“If a practice causes serious harms that are morally unjustified, then that practice is morally wrong. The practice of raising and killing animals for food causes serious harms to animals and some human beings. These harms are morally unjustified Therefore, the practice of raising and killing animals for food is wrong.”
– WBI Studies Repository
“The notion that human life is sacred just because it is human life is medieval.” “If it is in our power to prevent something bad from happening, without thereby sacrificing anything of comparable moral importance, we ought, morally, to do it.” “We have to speak up on behalf of those who cannot speak for themselves.”
– Peter Singer, The Moral Status of Animals
“To be ‘for animals’ is not to be ‘against humanity.’ To require others to treat animals justly, as their rights require, is not to ask for anything more nor less in their case than in the case of any human to whom just treatment is due.”
– Tom Regan, The Case for Animal Rights
2. Environmental Veganism
From the tropical rain forests of Brazil to the ancient pine forests of China, entire biospheres are being destroyed to fuel the demand for animal products. According to scientists at the Smithsonian Institution, seven football fields’ worth of land is bulldozed every minute to create more room for farmed animals and the crops that feed them. This trend has contributed to global warming, widespread pollution, deforestation, land degradation, water scarcity and species extinction. As a response to this environmental crisis, environmental vegans advocate for an end to the livestock industry.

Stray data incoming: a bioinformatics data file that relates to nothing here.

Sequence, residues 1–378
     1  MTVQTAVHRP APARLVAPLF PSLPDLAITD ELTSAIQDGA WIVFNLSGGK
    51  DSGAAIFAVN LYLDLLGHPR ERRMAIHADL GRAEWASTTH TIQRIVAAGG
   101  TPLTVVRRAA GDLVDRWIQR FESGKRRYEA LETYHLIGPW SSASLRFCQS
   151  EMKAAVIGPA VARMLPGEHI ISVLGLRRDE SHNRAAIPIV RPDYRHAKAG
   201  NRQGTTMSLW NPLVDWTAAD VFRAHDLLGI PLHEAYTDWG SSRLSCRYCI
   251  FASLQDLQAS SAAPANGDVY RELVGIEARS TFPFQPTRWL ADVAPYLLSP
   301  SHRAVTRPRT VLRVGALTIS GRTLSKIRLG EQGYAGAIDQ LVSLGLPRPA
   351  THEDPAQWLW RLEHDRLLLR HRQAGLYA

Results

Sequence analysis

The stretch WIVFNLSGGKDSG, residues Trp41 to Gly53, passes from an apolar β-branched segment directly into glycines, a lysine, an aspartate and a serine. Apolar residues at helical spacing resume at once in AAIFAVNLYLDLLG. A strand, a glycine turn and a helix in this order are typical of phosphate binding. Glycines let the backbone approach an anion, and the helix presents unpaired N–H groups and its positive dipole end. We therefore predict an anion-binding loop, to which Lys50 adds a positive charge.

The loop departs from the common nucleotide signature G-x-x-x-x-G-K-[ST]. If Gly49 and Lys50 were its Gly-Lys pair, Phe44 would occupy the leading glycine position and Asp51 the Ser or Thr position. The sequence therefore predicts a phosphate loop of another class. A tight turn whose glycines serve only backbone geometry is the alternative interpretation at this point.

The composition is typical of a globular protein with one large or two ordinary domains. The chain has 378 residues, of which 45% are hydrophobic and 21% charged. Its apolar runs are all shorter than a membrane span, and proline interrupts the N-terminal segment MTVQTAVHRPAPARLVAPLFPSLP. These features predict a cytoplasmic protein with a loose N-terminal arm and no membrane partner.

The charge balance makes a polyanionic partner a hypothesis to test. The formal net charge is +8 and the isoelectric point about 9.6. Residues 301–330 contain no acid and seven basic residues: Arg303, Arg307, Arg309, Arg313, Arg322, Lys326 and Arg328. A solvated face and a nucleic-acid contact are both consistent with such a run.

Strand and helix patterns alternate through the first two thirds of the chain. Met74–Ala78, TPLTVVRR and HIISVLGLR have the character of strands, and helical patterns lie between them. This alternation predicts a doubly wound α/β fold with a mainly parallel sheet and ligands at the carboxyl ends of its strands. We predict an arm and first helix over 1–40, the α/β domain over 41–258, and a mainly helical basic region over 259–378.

“The livestock sector is a major stressor on many ecosystems and on the planet as a whole. Globally it is one of the largest sources of greenhouse gases and one of the leading causal factors in the loss of biodiversity, and in developed and emerging countries it is perhaps the leading source of water pollution.”
– Food and Agriculture Organization of the United Nations
“More animals mean more crops are needed to feed them: the planet cannot feed both increasing human and farmed animal populations, especially when there will be between 2-4 billion more human mouths to feed by 2050.”
– The Vegan Society
“Carbon dioxide, methane, and nitrous oxide together cause the vast majority of global warming. Producing a little more than 2 pounds of beef causes more greenhouse-gas emissions than driving a car for three hours and uses up more energy than leaving your house lights on for the same period of time.7 According to the United Nations, a global shift toward a vegan diet is one of the steps necessary to combat the worst effects of climate change.”
Although there are many other valid reasons for choosing to go vegan, the main aim of this article is to highlight the importance of making informative decisions. Instead of basing our choices on ill-founded justifications, we at FURITY, encourage readers to go beyond the idea of a trend and view life through a lens of opportunity; an opportunity to make ethical, meaningful and most importantly, impactful decisions.
Written by: Zahira Rafiq
Edited by: Zahira Rafiq